________________ CM . . . . Volume V Number 21 . . . . June 18, 1999

cover What If . . .? Amazing Stories Selected by Monica Hughes.

Monica Hughes (ed.)
Toronto, ON: Tundra Books, 1998.
199 pp., pbk., $7.99.
ISBN 0-88776-458-4.

Subject Headings:
Fantasy fiction, Canadian (English).
Science fiction, Canadian (English).
Children's stories, Canadian (English).

Grades 6 and up / Ages 11 and up.
Review by Darleen Golke.

**** /4


The beings were the ship: the ship was the beings. And they were feeding off me. It was my imagination they wanted. I gave it willingly, and the thing around me grew brighter, stronger. The miraculous thing was that I didn't feel any weaker. It did not drain me. I just felt clearer as if a weight was being lifted from me. It was as if I had been saving up for this for years.

I don't know how long I stood there. Long enough for the ship's light to become too bright to look at anymore. I closed my eyes, swaying a bit to the music without fear of falling. I was held up by light. Then, at last, I could feel it leaving me, feel it rising. I let it go. You cannot hold onto imagination.
--from "Eternity Leave" by Tim Wynne-Jones

The creative power of imagination vitalizes each of the 16 selections included in the collection, What If . . .? Amazing Stories. The two poems, one excerpt from a novel, and 13 stories selected by Monica Hughes for publication are, in her own words, "more of fantasy than 'hard' science fiction" yet "almost all of them" touch "base right here on Earth." "Perhaps," she muses, "it takes fantasy and science fiction to open our eyes to the wonders of Earth."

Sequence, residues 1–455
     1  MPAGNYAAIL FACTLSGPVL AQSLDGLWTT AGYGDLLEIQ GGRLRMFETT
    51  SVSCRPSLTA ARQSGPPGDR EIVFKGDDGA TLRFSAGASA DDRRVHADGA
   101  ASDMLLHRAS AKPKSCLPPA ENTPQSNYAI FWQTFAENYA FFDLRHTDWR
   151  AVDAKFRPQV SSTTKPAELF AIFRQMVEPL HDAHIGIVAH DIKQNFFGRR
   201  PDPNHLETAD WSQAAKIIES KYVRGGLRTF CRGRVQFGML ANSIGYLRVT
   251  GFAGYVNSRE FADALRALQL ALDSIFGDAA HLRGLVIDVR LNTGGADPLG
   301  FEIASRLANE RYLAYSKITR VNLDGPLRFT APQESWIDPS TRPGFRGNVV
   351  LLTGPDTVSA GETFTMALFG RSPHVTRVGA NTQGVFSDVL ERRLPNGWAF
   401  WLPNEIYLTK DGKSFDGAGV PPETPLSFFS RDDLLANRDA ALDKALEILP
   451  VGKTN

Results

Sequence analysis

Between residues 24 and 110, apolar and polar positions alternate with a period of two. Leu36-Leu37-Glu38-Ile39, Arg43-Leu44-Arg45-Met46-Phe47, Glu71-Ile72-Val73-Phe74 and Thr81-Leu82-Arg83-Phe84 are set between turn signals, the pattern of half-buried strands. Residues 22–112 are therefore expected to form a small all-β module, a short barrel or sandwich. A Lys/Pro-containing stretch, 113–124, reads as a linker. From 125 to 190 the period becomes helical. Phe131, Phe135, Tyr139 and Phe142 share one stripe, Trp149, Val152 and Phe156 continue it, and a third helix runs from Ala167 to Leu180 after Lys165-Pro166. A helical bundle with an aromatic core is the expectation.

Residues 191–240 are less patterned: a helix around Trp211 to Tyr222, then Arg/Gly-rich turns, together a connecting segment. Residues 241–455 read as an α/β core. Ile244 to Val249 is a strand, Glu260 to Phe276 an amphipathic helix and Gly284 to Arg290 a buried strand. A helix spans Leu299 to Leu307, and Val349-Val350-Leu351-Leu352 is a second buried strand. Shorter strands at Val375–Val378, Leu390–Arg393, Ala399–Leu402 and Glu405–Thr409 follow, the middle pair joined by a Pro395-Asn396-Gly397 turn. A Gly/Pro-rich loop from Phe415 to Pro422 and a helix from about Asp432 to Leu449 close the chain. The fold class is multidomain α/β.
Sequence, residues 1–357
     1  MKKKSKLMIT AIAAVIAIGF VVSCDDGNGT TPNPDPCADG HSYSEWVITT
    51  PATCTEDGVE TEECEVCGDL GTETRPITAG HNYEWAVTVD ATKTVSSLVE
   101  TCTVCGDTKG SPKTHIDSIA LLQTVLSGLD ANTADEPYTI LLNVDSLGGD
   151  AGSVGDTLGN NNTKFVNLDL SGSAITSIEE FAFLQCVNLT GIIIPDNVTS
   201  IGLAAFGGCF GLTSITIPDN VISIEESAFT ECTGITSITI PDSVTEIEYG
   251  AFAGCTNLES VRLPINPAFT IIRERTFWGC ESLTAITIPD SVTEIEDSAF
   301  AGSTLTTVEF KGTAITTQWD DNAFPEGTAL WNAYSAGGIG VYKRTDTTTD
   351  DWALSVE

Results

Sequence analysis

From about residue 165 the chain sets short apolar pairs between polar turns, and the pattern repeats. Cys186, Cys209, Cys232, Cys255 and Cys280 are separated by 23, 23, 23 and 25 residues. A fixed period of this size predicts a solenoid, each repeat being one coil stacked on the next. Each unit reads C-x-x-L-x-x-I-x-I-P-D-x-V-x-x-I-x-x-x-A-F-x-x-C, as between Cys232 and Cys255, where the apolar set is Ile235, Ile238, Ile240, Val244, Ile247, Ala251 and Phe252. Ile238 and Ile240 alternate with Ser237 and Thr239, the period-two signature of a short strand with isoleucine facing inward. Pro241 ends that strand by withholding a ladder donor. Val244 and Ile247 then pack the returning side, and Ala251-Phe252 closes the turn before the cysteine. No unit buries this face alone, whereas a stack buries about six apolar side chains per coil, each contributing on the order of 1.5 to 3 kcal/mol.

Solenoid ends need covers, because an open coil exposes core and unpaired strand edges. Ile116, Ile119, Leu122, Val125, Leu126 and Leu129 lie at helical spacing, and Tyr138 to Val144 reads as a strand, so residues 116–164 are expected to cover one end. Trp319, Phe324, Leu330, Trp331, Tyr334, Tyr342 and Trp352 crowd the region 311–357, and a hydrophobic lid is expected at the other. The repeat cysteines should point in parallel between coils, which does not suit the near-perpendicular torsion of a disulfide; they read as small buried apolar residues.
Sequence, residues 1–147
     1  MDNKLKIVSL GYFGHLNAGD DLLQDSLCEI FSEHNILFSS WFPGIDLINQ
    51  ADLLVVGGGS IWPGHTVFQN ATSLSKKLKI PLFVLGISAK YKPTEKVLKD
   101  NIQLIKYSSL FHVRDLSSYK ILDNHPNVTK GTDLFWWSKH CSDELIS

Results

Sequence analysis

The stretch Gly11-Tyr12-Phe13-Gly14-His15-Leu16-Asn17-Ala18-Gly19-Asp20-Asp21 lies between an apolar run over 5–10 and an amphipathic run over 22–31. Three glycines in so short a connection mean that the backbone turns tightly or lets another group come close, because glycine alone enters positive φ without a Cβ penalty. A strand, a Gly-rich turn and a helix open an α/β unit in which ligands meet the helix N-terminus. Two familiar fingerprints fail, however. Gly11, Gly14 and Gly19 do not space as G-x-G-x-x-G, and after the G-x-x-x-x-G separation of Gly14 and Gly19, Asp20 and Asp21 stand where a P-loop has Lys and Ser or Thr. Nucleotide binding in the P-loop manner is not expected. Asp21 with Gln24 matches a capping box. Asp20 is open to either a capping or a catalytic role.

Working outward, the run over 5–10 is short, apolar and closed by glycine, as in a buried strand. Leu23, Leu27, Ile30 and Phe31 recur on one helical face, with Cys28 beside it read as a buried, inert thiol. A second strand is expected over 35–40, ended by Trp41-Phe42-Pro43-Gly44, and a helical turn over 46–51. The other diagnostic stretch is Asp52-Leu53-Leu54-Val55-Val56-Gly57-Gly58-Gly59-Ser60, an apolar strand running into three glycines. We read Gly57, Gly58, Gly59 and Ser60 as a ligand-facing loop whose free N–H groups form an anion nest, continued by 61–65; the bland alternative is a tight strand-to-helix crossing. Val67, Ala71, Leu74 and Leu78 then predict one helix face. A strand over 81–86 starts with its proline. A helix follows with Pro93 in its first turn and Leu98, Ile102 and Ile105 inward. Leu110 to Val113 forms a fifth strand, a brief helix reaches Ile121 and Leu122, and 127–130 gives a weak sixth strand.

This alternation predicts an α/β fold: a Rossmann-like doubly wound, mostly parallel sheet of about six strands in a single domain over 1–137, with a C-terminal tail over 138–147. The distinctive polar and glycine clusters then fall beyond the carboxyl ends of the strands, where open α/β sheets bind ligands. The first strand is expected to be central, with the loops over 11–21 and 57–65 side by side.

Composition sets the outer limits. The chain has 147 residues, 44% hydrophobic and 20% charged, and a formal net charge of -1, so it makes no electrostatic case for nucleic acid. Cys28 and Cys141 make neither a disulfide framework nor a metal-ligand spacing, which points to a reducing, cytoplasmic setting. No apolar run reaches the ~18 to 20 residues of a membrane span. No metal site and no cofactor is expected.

Each of the selections starts from the speculative "what if" formula employed by fiction writers. The introductory poem, "Star-Seeing Night," looks up to the stars; the concluding poem, "The Water Traders' Dream," focuses on the precious commodity, water. The authors explore standard themes and set all but two of the stories, "Moon Maiden" and "The Book of Days," on planet earth. Hughes' story, "The Stranger," presents a dysfunctional family observed by a lonely "being from another planet marooned on Earth." Camille, a "chosen one" in "Eternity Leave" is touched by spaceship beings and faces the reality of death and loss. The threat of the unknown lurking interferes with "an exploration Mission" in "The Tunnel" while moon madness haunts Kate in "Moon Maiden" when she encounters "elegant spirit beings in a lunar realm."

      Magic figures prominently in several of the stories. "A Wish Named Arnold" features a magic brass egg, "Muffin Explains Teleology to the World at Large" a plane-boat, "The Mask" a greenish-black Wild Man of the Woods mask, "The Stone Scepter" an unusual walking stick, "Paper" origami figures coming to life, and "Frosty" a snowman with an agenda. "The Good Mother" presents a world in which enormous animals dominate humankind yet the "big bad wolf" is also a devoted mother willing to compromise. Although "The Road to Shambhala" incorporates mystical elements, it highlights the environmental issue of endangered species. "Lukas 19" explores the controversial subject of genetic engineering, particularly human cloning.

      Of course, not all selections will appeal to all reading tastes, but the imagination that powers each shines brightly. The reader may pick and choose, a major advantage of a collection. The protagonists are appealing and believable young people, facing conflict with courage and resilience. Most of the plot lines build to surprising conclusions offering enlightenment on the way.

      Notes on the authors, all Canadian, round out the collection.

Highly Recommended.

Darleen Golke works as the teacher-librarian at Fort Richmond Collegiate in Winnipeg, MB.

To comment on this title or this review, send mail to cm@umanitoba.ca.

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Published by
The Manitoba Library Association
ISSN 1201-9364